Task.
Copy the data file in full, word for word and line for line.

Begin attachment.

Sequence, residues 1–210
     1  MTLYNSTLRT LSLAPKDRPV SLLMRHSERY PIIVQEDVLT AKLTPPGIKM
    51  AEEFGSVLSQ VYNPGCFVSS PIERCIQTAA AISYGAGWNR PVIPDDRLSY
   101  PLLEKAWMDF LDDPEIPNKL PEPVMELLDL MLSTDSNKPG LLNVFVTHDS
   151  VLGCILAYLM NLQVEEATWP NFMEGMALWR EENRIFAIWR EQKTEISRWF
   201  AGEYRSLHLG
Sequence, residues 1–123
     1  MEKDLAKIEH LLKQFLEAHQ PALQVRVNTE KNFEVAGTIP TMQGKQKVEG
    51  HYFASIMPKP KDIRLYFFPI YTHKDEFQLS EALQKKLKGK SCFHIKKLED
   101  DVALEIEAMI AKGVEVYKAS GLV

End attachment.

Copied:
Sequence, residues 1–210
     1  MTLYNSTLRT LSLAPKDRPV SLLMRHSERY PIIVQEDVLT AKLTPPGIKM
    51  AEEFGSVLSQ VYNPGCFVSS PIERCIQTAA AISYGAGWNR PVIPDDRLSY
   101  PLLEKAWMDF LDDPEIPNKL PEPVMELLDL MLSTDSNKPG LLNVFVTHDS
   151  VLGCILAYLM NLQVEEATWP NFMEGMALWR EENRIFAIWR EQKTEISRWF
   201  AGEYRSLHLG
Sequence, residues 1–123
     1  MEKDLAKIEH LLKQFLEAHQ PALQVRVNTE KNFEVAGTIP TMQGKQKVEG
    51  HYFASIMPKP KDIRLYFFPI YTHKDEFQLS EALQKKLKGK SCFHIKKLED
   101  DVALEIEAMI AKGVEVYKAS GLV